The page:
McCaffery's Penman's Ink
I37. McCaffery's Penman's Ink. 1 oz. jar. Formulated for the pointed pen, which is used for Spencerian, Copperplate, etc, not for the broad-edged pen used for Italic, Blackletter (Gothic), etc. The bl…Read More
I37. McCaffery's Penman's Ink. 1 oz. jar.
Formulated for the pointed pen, which is used for Spencerian, Copperplate, etc, not for the broad-edged pen used for Italic, Blackletter (Gothic), etc. The black ink is an oak gall ink which was developed with the help of leading penmen of today to provide an ink similar to that used during America's golden age of Ornamental Penmanship in the 19th and 20th centuries. With a newly opened bottle, the black ink writes brown but turns a dense black. Good for fine hairlines. (Colors and whites are not oak gall inks. They are made with natural pigments). Choose from Ivory, White, Indigo Blue, Green, Brown, Red, Red-Violet, Black, Glossy Black. Prices of colors vary.
I very much enjoy using MaCaffery's inks. I love them.
McCaffery's Penman's Inks
McCaffery's Inks are just the right consistency -- straight out of the jar -- for Copperplate and Engrossers scripts. I use McCaffrey's black ink, an iron gall ink, and love the delicate hairlines. But if I am designing a wedding invitation that will be printed, I use his Prairie Night ink or Old World Gall Ink. The printer needs thicker, blacker hairlines.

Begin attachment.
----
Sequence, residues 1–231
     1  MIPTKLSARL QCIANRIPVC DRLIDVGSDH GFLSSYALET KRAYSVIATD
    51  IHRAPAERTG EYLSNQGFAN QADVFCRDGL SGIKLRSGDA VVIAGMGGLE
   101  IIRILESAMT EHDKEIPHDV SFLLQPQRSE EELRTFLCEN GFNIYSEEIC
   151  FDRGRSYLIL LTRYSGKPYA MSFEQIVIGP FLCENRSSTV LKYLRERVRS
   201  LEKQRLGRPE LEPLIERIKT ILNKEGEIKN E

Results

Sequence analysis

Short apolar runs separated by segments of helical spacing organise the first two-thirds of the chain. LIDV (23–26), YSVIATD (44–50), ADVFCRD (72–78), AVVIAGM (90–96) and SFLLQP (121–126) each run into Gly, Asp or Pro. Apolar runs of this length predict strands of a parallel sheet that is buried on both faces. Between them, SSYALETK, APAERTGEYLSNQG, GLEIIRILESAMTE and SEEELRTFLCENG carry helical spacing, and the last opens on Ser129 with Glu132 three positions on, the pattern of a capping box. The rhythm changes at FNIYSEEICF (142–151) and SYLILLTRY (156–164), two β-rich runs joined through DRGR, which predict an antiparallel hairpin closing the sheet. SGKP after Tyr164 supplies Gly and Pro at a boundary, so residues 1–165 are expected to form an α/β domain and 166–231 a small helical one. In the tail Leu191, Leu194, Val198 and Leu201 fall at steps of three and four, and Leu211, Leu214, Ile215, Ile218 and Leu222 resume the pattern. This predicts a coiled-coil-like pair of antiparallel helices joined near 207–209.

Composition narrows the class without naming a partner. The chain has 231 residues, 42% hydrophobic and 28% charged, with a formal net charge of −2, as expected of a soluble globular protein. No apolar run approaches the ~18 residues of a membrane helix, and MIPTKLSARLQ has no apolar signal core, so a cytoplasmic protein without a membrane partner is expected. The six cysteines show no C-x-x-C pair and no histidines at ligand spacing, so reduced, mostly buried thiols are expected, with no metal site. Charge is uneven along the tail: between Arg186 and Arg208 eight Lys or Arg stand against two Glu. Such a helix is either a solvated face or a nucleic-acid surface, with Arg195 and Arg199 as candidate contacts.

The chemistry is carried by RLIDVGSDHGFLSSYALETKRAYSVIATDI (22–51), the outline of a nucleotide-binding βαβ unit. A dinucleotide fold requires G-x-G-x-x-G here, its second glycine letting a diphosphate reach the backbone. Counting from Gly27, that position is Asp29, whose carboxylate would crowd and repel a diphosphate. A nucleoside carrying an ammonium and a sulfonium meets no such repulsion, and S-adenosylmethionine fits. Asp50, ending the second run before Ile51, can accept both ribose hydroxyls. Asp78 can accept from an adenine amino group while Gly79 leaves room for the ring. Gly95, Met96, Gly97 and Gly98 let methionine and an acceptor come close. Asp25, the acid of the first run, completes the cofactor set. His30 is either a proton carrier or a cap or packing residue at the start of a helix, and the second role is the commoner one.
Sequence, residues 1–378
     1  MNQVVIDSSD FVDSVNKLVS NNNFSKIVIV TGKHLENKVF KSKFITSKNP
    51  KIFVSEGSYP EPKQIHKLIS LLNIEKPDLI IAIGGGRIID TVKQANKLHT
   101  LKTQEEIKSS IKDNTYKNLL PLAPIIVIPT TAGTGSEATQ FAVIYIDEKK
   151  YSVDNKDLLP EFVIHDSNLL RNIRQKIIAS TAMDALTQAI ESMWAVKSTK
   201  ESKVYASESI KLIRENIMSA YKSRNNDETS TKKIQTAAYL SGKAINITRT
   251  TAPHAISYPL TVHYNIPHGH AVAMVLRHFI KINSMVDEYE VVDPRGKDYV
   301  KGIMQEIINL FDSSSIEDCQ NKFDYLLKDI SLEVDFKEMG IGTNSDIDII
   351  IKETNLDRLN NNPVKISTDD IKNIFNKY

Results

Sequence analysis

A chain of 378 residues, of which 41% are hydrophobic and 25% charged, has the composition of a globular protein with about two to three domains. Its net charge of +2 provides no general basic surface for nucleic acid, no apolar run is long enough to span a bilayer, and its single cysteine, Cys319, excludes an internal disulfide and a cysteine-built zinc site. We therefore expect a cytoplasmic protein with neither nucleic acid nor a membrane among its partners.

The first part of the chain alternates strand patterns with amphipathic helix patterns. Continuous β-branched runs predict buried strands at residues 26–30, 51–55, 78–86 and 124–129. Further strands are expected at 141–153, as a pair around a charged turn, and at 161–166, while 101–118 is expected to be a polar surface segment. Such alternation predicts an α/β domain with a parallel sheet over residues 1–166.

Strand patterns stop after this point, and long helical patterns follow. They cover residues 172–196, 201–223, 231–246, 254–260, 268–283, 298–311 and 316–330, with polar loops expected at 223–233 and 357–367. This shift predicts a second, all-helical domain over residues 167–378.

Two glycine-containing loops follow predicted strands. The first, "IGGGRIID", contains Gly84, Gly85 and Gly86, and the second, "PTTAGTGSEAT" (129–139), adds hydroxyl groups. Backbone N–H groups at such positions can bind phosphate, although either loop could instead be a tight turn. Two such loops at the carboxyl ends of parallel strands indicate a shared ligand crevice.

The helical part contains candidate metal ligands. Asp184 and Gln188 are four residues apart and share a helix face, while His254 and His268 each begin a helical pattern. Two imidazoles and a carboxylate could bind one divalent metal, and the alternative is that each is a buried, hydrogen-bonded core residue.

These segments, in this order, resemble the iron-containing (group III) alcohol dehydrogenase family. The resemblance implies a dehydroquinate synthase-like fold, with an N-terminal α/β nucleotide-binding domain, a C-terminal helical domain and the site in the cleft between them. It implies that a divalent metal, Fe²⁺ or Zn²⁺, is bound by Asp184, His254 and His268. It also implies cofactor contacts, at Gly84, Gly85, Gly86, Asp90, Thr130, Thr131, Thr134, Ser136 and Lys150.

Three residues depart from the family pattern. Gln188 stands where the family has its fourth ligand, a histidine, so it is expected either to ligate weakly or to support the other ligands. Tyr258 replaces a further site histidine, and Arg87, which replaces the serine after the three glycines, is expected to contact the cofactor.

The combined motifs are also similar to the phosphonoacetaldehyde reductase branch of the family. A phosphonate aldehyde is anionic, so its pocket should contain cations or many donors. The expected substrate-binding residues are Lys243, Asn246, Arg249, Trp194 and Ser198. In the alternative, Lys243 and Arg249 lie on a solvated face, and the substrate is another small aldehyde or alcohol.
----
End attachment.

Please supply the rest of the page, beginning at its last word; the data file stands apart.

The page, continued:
Iron Gall Inks, such as Black McCaffery's Penmen's ink, are prized for their ability to produce fine hairlines as well as dark shades in pointed pen work. If you are looking for a thicker, denser black, say for pointed pen work that will be reproduced, you can look to a pigmented ink, such as Moon Palace or Best Bottle Sumi (they may need some thinning to work well in a pen). Your letters will be a blacker black and the thins will be thicker and the printer will be happy. Old World Gall Ink is an Iron Gall ink that also has pigment, so it produces results more similar to Sumi.
Love this ink but
I love this ink for my copperplate. I do not need to add any gum arabic to it. I do have one problem. When I get within 1/2 inch of the bottom of the jar the ink becomes thick. I added distilled water to it but it still will not flow a well a the top section of the jar.
I've been using this ink exclusively in my maps (and other reproduction 19th Century paperwork) for almost a decade. I absolutely love it.
Well, the above poster is entitled to their opinion but this is the closest thing IMHO to the ink of old. It will go on grey but in a hour or so the shades will be rich and the hairlines a very, very, thin pale grey. This is exactly what one wants for Ornamental Penmanship. Now it's quite possible you might want an ink with blacker shades and strong hairlines for copperplate or E.S. but that is not what this ink does well. I would put Blots a close second but even that ink cannot pull the faint hairlines of McCaffs!
I have many other calligraphers using McCaffrey's Ink, and so was excited to try it out. But when I did so, I found that it was much more watery than I'd expected. I never achieved the ink consistency that I liked... maybe I need to add some arabic gum to thicken it up a little, but overall, I wasn't impressed enough to buy more.